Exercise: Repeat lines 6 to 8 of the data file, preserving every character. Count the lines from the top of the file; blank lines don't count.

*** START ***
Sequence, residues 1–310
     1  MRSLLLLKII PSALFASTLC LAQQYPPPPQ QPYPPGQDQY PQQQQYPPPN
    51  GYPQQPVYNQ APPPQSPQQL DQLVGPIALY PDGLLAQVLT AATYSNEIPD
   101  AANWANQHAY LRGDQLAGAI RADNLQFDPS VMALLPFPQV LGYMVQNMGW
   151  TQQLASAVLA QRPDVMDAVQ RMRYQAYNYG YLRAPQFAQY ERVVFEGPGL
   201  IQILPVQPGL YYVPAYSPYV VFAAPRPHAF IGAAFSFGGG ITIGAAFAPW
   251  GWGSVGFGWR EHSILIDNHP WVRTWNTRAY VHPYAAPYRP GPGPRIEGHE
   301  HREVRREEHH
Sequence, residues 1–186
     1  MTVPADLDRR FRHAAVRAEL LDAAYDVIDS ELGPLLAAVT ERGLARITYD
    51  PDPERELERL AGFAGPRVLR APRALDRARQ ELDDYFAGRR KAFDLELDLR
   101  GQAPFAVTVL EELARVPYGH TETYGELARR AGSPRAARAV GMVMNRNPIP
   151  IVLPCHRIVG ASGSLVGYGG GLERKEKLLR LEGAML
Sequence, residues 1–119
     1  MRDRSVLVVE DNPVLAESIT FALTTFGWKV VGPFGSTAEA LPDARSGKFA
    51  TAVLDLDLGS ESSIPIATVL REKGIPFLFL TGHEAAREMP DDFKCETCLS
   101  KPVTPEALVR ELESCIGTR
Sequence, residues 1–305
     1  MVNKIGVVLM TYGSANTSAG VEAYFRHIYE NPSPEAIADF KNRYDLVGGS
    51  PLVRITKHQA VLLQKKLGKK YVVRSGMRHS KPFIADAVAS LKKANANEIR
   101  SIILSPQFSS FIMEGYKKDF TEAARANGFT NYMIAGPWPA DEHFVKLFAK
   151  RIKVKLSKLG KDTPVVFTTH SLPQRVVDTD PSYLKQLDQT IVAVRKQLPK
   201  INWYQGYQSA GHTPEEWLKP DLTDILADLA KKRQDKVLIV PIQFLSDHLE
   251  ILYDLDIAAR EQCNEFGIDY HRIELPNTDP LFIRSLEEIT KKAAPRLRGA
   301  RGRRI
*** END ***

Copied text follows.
   201  IQILPVQPGL YYVPAYSPYV VFAAPRPHAF IGAAFSFGGG ITIGAAFAPW
   251  GWGSVGFGWR EHSILIDNHP WVRTWNTRAY VHPYAAPYRP GPGPRIEGHE
   301  HREVRREEHH